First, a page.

Susan Smith argues the latest attack on civil society groups that criticise government has gone too far and other politicians must speak out
The third sector once again came under attack this week from another UK minister, this time justice secretary Chris Grayling.
In an attempt to undermine civil society and its freedom to criticise government policy, Grayling suggested the third sector think tanks and some charities, specifically naming 38 Degreesand the Howard League, are full of left-wing professional campaigners who “spread scare stories that are often exaggerated or wholly untrue”.
His evidence is that a number of former Labour members and special advisers worked for charities and left-wing think tanks. The irony of a government minister suggesting that simply being a member of the political class makes you a liar is clearly lost on Grayling.
It also leads to the question of how he would respond to concerns that the link between the private sector and Tory MPs pre and post election suggests a conspiracy to infiltrate government with right-wing ideals.
Speaking in a national newspaper in language reminiscent of a totalitarian regime, Grayling went on to accuse professional campaigners of deliberately trying to undermine the government’s economic plans
Speaking in a national newspaper in language reminiscent of a totalitarian regime, Grayling went on to accuse professional campaigners of deliberately trying to undermine the government’s economic plans.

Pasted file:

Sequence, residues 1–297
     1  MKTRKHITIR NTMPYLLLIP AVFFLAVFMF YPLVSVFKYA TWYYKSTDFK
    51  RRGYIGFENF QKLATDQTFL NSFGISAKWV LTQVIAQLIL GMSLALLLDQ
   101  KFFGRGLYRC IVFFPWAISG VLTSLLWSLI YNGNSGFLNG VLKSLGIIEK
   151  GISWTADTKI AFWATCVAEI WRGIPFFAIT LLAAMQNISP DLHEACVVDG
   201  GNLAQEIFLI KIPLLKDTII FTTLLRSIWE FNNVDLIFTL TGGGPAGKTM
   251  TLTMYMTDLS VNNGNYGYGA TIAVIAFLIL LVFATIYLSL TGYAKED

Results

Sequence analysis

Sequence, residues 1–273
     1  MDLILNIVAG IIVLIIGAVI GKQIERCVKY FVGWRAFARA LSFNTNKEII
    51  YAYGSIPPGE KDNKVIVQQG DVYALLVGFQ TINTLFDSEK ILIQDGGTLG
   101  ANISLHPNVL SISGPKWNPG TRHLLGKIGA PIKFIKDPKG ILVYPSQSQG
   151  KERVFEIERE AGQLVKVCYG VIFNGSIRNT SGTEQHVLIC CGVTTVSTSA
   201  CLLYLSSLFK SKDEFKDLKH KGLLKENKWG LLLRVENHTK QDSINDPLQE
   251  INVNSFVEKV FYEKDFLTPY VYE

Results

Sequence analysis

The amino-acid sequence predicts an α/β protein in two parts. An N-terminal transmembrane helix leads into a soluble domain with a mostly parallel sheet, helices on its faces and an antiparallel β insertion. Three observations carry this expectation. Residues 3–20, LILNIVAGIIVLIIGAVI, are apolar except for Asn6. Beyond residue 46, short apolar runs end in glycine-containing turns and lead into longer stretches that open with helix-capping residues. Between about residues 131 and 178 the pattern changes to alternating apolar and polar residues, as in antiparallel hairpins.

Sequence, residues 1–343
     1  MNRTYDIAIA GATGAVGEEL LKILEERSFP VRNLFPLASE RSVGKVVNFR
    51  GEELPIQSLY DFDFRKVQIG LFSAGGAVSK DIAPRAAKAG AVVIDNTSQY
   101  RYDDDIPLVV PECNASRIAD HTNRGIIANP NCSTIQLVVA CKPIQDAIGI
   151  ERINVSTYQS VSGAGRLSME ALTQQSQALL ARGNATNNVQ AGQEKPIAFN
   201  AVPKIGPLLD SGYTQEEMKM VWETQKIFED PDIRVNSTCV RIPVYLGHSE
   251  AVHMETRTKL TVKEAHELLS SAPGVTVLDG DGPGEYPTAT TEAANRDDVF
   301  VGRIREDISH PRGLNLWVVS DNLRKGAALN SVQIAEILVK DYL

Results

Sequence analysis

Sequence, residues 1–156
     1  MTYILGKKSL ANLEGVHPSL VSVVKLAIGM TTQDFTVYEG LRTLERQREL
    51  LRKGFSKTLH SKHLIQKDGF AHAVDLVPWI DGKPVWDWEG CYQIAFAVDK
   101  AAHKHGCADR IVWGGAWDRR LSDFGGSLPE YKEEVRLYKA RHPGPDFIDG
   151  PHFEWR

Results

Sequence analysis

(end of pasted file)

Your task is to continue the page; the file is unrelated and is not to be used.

This is the latest in a series of attacks from the UK government on freedom of speech that is quite simply frightening. That the UK Lobbying Act, designed to prevent big business from buying politicians’ votes in parliament, is now more famous for its potential to silence charities is a sign of how far askew things have gone.
Scottish politicians have so far not jumped on the civil society bashing bandwagon, distracted as they are by the big September question. However, despite a recent call from SCVO, few MSPs have been forthcoming in their support for the sector’s right to criticse government.
Our society is stronger and better as a result of civil society groups holding the state to account. With our modern media struggling to find a new voice following the demise of its business model, it is has never been more important for charities, trade unions, faith bodies, and all independent non-governmental organisations to have the freedom to report on injustice in our communities. These groups also continue to be best placed to suggest new and innovative approaches to social problems.
As the Howard League’s Frances Crook says, if criticism is unpalatable to politicians that is “just tough”.
Whatever happens in September, politicians who support a free, open and democratic process must start to speak out in defence of it, otherwise they may find themselves living in a country where that right has been forgotten.